By Barry Klein
Next year will see a tug-of war between the economic situation and the burgeoning desires of consumers to eat out more often. It would be easy to predict a very good year ahead for restaurants if it wasn't for the uncertainty of whether people could afford one of the purchases they really want to make. Here's why:
- The number of choices among restaurants will continue to grow substantially and there are few experiences that match the fun of trying a new place to eat. That pleasure has been moving up on many people's priority list for the past couple of years.
- The growth in the number of establishments is dwarfed by the number of new or revitalized food selections that has become an almost dizzying array of "I have to taste that" choices.
- People have never been so interested in food. Celebrity chefs ... television programs ... exotic recipes ... old recipes that are new again ... unique places to buy, with displays of food varieties never seen before ... natural, organic, gluten free ... you can hardly keep up with the delightful discoveries. Time spent discussing food just keeps on growing, especially among those who are not in the food business.
- Food and restaurant dining has almost become this century's premier form of entertainment, and it is an integral portion of entertaining events, a companion to movies, shows, ball games, concerts, even watching TV. Tailgate parties with the grill pumping out burgers have become as important as the game itself.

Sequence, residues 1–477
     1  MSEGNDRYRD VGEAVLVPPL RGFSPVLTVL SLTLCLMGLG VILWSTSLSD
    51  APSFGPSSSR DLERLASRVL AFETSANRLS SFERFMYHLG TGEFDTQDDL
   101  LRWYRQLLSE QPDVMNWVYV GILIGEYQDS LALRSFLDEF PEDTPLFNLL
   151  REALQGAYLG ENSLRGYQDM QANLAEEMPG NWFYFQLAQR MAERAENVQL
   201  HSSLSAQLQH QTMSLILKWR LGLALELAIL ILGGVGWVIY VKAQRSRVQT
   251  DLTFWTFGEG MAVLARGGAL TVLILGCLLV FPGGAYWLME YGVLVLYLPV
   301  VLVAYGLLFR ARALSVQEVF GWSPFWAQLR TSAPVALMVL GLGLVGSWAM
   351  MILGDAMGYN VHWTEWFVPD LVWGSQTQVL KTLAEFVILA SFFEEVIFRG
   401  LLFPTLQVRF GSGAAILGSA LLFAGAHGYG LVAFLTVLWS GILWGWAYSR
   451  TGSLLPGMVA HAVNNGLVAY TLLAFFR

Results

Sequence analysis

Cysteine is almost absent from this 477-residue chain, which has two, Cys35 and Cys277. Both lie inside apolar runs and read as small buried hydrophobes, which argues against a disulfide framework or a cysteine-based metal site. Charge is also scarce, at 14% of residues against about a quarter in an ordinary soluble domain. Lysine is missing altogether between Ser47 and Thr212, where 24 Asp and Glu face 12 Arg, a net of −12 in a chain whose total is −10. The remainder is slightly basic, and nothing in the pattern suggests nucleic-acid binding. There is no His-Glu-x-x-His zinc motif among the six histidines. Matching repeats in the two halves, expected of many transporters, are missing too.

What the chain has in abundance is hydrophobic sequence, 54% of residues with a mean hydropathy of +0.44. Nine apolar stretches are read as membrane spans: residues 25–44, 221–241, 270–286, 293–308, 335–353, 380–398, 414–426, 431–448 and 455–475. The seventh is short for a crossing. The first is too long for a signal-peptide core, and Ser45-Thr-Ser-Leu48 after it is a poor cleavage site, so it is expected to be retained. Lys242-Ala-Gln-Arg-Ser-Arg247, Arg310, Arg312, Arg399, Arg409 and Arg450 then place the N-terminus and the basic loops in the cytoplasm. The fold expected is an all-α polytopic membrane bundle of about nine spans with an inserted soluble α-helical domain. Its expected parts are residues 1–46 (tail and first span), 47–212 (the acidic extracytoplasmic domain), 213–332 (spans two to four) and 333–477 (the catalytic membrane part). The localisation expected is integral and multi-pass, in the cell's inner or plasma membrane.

It seems that the only thing that is keeping people from eating out even more often is whether or not they can afford it until the next payday. "Should I try the menu at the new bistro that just opened down the street, or make the car payment a few days late?" is a familiar debate for many people.
Since I often cast a skeptical eye on most subjects, here is an unusual prediction: 2013 will be a much better year for the restaurant industry than most people are expecting.
I see even further growth in preoccupation with food among consumers because it will continue to be an interesting, fun, non-threatening subject. People will find ways to discuss, experiment and dabble in the world of food, no matter what their financial situation.
Of course, major financial disasters such as significant unemployment and tax increases could change this picture considerably, but I believe the impact has to be quite substantial to mitigate the developing "foodie" interest and attention from consumers.
Barry Klein is best known for creating the Ronald McDonald character and led the "You Deserve A Break Today" advertising campaign for McDonald's. In his current occupation as a marketing consultant, Klein has developed business-building concepts, new products and more for Coca Cola, Pizza Hut, Quiznos, Cadillac, Ruby Tuesday, Friendly’s, Perkins, Pay Less Shoes and others. He has been a key contributor to such projects as Stuffed Crust Pizza for Pizza Hut, Prime Rib Subs and Torpedoes for Quiznos.
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